Human Papillomavirus (HPV) is a common virus that is spread through direct skin-to-skin contact, most commonly through sexual contact (oral, vaginal, anal). Most individuals are not aware that they have the virus if they do not have any symptoms, but they may unknowingly spread it to others.

  • HPV has multiple subtypes, most of which are essentially harmless, which do not cause significant problems and may resolve on their own. Some subtypes cause genital warts - unsightly growths that can appear on the penis, scrotum, anus, vagina, or labia – while others do not cause visible lesions, but can cause changes in the cells of the cervix, vagina, and vulva, the penis, the lining of the mouth and throat, and the lining of the anus and rectum.
  • Within these subtypes are some that are considered “higher risk” and can cause cellular changes that can lead to cervical, vaginal, vulvar, penile, oral, or anal cancer. Higher risk types can be detected by a Pap test of the cervix or anus, a microscopic examination of the cells that may reveal abnormalities characteristic of HPV infection.
  • Use protection, such as condoms and other barriers consistently to help prevent HPV and other sexually transmitted infections
  • Get screened for cervical and anal cancer with a Pap test
  • Get vaccinated against HPV with Gardasil

Gardasil

Gardasil is a vaccine that protects men and women against nine different subtypes of HPV. Gardasil is approved for men through age 21 and women through age 26.

  • The best time to get Gardasil is before exposure to the virus, which is why it is recommended that boys and girls get the vaccine at age 11 or 12, before the onset of sexual activity.
  • It is recommended that men who have sex with men and did not get the vaccine as children, get the vaccine to “catch up” – up to age 26.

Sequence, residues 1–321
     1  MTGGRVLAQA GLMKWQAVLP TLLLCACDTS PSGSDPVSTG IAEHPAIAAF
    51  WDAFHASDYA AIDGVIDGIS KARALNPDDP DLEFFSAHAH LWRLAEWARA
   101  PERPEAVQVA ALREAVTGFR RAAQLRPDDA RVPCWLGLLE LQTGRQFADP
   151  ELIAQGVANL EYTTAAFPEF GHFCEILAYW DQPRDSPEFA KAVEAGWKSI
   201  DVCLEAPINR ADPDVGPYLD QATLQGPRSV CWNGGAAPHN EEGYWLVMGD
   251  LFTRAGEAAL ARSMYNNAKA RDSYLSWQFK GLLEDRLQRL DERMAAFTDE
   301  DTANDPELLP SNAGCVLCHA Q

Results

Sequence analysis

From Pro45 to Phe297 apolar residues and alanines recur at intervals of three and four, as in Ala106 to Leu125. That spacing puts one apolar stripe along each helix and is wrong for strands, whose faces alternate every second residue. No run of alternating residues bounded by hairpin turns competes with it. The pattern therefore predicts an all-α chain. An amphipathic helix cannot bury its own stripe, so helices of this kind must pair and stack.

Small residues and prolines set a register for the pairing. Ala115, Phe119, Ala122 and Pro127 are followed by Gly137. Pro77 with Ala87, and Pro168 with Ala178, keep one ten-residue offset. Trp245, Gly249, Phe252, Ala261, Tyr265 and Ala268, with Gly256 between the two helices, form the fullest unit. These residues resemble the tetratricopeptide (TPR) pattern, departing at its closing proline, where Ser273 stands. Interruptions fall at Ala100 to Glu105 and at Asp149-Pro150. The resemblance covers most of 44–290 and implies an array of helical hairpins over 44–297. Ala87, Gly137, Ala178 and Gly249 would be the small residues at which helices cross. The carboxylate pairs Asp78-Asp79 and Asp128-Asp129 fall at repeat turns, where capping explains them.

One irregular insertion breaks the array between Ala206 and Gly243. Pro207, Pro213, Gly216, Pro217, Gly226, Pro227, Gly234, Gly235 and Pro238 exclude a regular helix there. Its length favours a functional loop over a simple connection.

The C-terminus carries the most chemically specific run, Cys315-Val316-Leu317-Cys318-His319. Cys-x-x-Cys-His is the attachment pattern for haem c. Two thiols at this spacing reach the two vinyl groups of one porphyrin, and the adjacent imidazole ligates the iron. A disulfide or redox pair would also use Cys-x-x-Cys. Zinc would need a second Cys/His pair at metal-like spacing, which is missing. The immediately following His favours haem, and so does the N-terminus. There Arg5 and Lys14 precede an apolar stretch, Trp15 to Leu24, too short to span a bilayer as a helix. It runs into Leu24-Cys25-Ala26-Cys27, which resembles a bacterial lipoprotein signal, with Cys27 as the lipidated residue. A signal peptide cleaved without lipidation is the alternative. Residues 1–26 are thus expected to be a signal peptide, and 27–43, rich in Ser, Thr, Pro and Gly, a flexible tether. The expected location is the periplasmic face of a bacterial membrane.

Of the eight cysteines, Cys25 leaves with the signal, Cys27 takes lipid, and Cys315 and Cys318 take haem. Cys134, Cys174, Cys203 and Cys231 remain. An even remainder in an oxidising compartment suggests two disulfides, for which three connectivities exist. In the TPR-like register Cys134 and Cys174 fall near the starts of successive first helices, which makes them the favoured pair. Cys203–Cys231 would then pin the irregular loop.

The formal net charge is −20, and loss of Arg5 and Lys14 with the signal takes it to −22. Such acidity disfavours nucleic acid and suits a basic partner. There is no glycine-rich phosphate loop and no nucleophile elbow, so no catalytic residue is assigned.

• Your primary care or women’s health care provider.
  • Planned Parenthood and county health department vaccine clinics.
  • The Student Health Center offers Gardasil at $220 per dose, which is payable by cash, check, TigerBucks, Visa, or MasterCard. We can give you a receipt to submit to your insurance company for reimbursement (if applicable).
  • Make an appointment at the Student Health Center to obtain a prescription for the vaccine to be purchased at an outside pharmacy and then bring the vaccine to the Student Health Center for administration.

If you started the Gardasil series elsewhere and need to get a dose while you are at school to stay on schedule, please bring documentation of previous doses (with the date(s) given) to your appointment, or ask your health care provider to fax it to our office.

PrEP

The Student Health Center offers Prep Pre-exposure HIV Prophylaxis (PrEP) to the RIT student community.

PrEP is a medication approved by the FDA for daily use that when taken as directed, has an estimated 99% rate of efficacy in preventing HIV infections.

PrEP patients meet with a provider every three months (90 days) for follow-up care that may involve:

  • Blood tests
  • HIV & STD screenings
  • Assessment of any drug side effects
  • Prescription refill options
  • A discussion of condom use and risk reduction in addition to PrEP medication
  • Assessment and support for taking medication

Contact

studenthealth@rit.edu
585-475-2255

Emergency

If there is a medical emergency, call Public Safety 585-475-3333 or text 585-205-8333.